Kurds around the world are boiling with anger. They are planning a general uprising to demand news about the imprisoned PKK-leader (Kurdistan Workers’ Party). In over a dozen European cities, such as Stockholm, Paris, Dresden, Frankfurt, The Hague, Kurds have already taken to the streets with yellow flags showing a picture of their leader, and slogans demanding his freedom. There have also been demonstrations in Greece, Cyprus, North-East Syria and Canada.
Statements surrounding the allegations of Ocalan’s death
Since March 14th, rumours have been circling on the internet that Ocalan has deceased on the Turkish prison island Imrali, where he has serving aggravated life sentence since 1999.
The rumours were followed by a statement of Asrin Law Office, the lawyer’s office that has been representing Ocalan since his trial. It stated that they have not been able to make contact with their client since 27 april 2020. They have applied to Bursa’s Chief Public Prosecutor’s office for immediate contact with their client.
The Kurdish umbrella organization in Europe (KCDK-E) has launched an urgent appeal and calls for urgent action for Abdullah Ocalan, which has already resulted to protests all around Europe last night.
Their statement read, “The Bursa Chief Public Prosecutor’s Office’s denial is in no way trustworthy. Both to end the speculations and discussions and to bring the truth to light, it is necessary to establish immediate contact with Abdullah Öcalan and his three fellow prisoners Veysi Aktaş, Ömer Hayri Konar and Hamili Yıldırım. Until this happens, the Kurdish people should not leave the streets.”
Abdullah Ocalan’s brother – Mehmet Ocalan – has given a video statement to one of the PKK-affiliated TV stations, Sterk TV. In the broadcast concerning his brother’s alleged death, he stated: “We are very worried about Ocalan’s wellbeing. The [Turkish] government is responsible for what will happen.”
Abdullah Ocalan founded the Kurdistan Workers’ Party (PKK) in 1978, in the midst of the right- and left-wing conflicts which culminated in the 1980 Turkish coup d’état. In July 1979 he fled to Syria, where he resided in Syria’s capital Damascus. In 1982 Ocalan’s recruits started to train for the armed insurgency of Turkey. In 1984 they officially became a paramilitary group.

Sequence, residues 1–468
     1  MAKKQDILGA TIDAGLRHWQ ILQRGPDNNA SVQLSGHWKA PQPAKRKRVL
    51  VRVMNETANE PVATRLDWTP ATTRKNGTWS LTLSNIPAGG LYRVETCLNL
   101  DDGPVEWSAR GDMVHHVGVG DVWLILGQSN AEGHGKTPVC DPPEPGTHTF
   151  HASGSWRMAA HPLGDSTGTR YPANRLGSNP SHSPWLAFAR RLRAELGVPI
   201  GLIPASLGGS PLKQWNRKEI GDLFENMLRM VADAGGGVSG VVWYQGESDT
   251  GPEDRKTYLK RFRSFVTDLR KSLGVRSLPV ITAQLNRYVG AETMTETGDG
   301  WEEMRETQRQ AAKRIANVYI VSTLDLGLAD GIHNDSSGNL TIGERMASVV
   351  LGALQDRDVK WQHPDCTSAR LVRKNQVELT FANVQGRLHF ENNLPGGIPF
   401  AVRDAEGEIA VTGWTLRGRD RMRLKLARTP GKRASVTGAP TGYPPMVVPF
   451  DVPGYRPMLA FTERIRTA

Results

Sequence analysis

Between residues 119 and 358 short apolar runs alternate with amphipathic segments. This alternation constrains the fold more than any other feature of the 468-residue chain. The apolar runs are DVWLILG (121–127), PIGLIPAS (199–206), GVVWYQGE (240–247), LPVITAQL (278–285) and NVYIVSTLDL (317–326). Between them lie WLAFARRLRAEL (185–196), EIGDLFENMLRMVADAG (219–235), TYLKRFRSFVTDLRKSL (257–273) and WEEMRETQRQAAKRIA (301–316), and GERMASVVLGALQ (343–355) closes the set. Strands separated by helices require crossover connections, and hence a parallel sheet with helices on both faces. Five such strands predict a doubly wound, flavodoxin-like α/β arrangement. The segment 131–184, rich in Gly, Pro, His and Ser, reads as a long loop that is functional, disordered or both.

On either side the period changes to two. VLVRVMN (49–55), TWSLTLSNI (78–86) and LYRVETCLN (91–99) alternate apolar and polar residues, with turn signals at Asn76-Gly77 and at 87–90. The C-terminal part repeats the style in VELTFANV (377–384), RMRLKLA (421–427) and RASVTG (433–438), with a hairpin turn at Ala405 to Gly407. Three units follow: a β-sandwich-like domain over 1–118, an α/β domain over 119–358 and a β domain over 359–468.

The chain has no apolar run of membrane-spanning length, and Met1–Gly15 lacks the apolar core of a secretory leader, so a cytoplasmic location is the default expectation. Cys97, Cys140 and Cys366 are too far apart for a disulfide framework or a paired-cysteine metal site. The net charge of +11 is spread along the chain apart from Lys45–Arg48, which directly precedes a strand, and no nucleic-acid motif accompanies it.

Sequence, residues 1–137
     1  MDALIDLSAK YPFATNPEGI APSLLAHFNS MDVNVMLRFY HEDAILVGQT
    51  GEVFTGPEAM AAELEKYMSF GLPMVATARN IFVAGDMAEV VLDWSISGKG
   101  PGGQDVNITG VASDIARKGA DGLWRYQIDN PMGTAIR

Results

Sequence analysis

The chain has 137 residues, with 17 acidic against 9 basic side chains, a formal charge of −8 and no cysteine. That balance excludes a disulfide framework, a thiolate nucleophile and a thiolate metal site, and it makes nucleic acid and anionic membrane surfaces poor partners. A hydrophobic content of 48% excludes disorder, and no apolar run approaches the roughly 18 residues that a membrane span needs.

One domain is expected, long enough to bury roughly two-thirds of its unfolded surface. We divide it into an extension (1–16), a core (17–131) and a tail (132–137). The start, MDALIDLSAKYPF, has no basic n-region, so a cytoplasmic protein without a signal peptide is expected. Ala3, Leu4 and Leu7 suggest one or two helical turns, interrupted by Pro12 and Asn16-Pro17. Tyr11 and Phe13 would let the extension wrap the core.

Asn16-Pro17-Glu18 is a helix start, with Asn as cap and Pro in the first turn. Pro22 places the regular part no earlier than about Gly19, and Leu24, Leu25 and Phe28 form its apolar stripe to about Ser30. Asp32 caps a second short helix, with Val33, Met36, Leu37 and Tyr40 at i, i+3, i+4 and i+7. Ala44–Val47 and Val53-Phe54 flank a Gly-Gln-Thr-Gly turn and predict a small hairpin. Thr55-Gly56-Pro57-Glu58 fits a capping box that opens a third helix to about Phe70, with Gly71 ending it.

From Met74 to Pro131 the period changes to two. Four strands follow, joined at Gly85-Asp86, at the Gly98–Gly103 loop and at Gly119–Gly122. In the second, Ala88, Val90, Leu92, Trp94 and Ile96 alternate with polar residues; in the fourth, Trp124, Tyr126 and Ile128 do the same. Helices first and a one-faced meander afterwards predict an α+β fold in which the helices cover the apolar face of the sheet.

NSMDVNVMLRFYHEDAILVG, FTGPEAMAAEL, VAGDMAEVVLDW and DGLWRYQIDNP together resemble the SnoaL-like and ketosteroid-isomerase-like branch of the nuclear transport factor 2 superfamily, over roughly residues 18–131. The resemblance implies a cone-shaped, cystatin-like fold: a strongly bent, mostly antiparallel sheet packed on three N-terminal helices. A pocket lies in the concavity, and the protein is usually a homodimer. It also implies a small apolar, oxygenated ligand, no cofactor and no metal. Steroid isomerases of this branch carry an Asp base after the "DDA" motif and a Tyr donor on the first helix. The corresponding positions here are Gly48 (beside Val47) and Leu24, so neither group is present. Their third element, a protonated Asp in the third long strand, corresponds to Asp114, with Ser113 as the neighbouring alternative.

Training was provided in several camps in Syria. At the same time, groups of its members started to receive training from the Palestine Liberation Organization (PLO) in Lebanon’s Bekaa Valley, in Syrian-controlled camps.
Until 1998, Ocalan remained in Syria. As the situation deteriorated in Turkey due to the large number of PKK attacks, the Turkish government openly threatened Syria over its support for the PKK. As a result, the Syrian government forced Ocalan to leave the country but did not turn him over to the Turkish authorities.
He was captured in Kenya on 15 February 1999, in an operation by the Turkish National Intelligence Organization (Turkish: Millî İstihbarat Teşkilatı, MIT) reportedly with the help of the Israeli intelligence office Mossad, and the American CIA.
The aftermath of his capture
The hurricane unleashed by the capture of the Turkish Kurds’ guerrilla chief carried away three lives when security guards opened fire on protesters as they broke into the Israeli consulate in Berlin. Kurds living in Germany were threatened with deportation if they continued to hold demonstrations in support of Ocalan.
In what appeared to be a concerted attempt to put pressure on the European left on Mr Ocalan’s behalf, PKK supporters seized a member of Germany’s ruling Social Democrats the party’s Hamburg office; he was later released. They also occupied Social Democrat offices in Stockholm and Vienna. In Copenhagen, another group stormed the premises of the European Commission. Demonstrations continued throughout Europe for the whole month of february, 1999.
Fears arise for the repeat of these events if Abdullah Ocalan is indeed proven dead.